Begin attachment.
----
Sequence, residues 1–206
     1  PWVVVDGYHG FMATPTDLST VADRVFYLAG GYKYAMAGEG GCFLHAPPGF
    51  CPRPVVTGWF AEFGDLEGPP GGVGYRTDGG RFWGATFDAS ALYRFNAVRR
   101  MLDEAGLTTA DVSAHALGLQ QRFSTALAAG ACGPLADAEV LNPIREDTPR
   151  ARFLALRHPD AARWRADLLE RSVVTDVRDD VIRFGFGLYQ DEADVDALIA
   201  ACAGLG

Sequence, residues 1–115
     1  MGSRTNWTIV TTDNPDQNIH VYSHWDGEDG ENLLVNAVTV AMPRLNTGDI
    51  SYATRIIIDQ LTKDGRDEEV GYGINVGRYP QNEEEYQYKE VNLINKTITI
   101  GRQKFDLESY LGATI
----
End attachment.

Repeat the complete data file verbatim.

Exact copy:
Sequence, residues 1–206
     1  PWVVVDGYHG FMATPTDLST VADRVFYLAG GYKYAMAGEG GCFLHAPPGF
    51  CPRPVVTGWF AEFGDLEGPP GGVGYRTDGG RFWGATFDAS ALYRFNAVRR
   101  MLDEAGLTTA DVSAHALGLQ QRFSTALAAG ACGPLADAEV LNPIREDTPR
   151  ARFLALRHPD AARWRADLLE RSVVTDVRDD VIRFGFGLYQ DEADVDALIA
   201  ACAGLG

Sequence, residues 1–115
     1  MGSRTNWTIV TTDNPDQNIH VYSHWDGEDG ENLLVNAVTV AMPRLNTGDI
    51  SYATRIIIDQ LTKDGRDEEV GYGINVGRYP QNEEEYQYKE VNLINKTITI
   101  GRQKFDLESY LGATI